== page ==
Research undertaken by YouGov revealed on Monday how Labour had slumped to the third most popular party among working-class voters.
Despite pressure mounting on the floundering leader to step aside from the top job, a leading political scientist believes the 67-year-old is likely to remain in it for the long haul.
Professor John Curtice said it was unlikely that Corbyn would step down
It would now be somewhat odd for him to give up
Professor John Curtice
Professor John Curtice of the University of Strathclyde told talkRADIO: “I think in truth, given he is leader, given he tried to stay on when challenged last year it would now be somewhat odd for him to give up.
“Unless of course, given his age, a health issue was to intervene, but at the moment I think the expectation is that he will try to soldier on as leader.
“Although, if the opinion polls continue to slip further and the party does receive a disastrous set of results in the local elections at the beginning of May then maybe even some of those who’ve been supporting him may begin to have second thoughts.”
The Labour party has slumped to third among working class voters, according to a YouGov poll
Quizzed on whether or not Mr Corbyn and his Shadow Cabinet would be concerned by the latest astonishing poll, which put Labour on 24 per cent, the professor of politics said it would be difficult not to be.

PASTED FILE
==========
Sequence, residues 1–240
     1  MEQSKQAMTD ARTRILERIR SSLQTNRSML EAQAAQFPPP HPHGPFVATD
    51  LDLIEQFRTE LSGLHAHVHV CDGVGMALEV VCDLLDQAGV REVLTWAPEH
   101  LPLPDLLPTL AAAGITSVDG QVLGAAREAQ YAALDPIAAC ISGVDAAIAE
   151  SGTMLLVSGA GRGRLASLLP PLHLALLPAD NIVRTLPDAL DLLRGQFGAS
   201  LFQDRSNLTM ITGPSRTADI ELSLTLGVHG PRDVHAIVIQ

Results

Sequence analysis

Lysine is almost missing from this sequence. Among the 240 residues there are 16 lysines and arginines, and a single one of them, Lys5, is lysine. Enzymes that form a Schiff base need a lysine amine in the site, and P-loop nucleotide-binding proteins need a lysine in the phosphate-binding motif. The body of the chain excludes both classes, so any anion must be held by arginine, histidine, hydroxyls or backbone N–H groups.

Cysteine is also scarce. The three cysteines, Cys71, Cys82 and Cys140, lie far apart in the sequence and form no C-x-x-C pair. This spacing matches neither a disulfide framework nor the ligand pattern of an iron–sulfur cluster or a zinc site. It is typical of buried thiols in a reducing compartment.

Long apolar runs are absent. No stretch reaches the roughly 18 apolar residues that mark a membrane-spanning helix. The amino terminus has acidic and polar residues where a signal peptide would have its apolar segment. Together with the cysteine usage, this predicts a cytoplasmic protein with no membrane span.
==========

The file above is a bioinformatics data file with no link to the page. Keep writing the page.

“They certainly do need to worry about opinion polls, we’re now looking at levels for the Labour Party not much above the 25 per cent average.
“One has to say now that the party’s position is little short of dire,” he continued.
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Jeremy Corbyn in pictures
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Labour Leader Jeremy Corbyn takes part in a community meeting at the Guru Har Rai Gurdwara Sahib temple
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Britain's opposition Labour Party leader Jeremy Corbyn speaks at an anti-racism rally in London
“I think the difficulty is it was never entirely clear that a life-long backbencher necessarily had the political skills to be the leader of a political party.
“You need to move on from being able to inspire the faithful to reach out to those who don’t necessarily regard you as one of their supporters.”
Mr Corbyn’s leadership will be tested again later this month in the forthcoming by-election in the Brexit heartland of Stoke-on-Trent.
The seat came up for challenge when former Labour MP Tristram Hunt resigned from his position.
With 70 per cent of the city opting for the UK to quit the EU bloc, some pollsters have put Ukip as the most likely party to win the ballot.
On Monday, the Eurosceptic’s leader and candidate for the seat, Paul Nuttall, told voters it would be “game, set and match for Brexit” if he was elected on February 23.
He said: “Every voter in the constituency has the opportunity to send a powerful signal to Remain MPs sitting in Leave constituencies that they'd better not attempt to frustrate the will of the people.”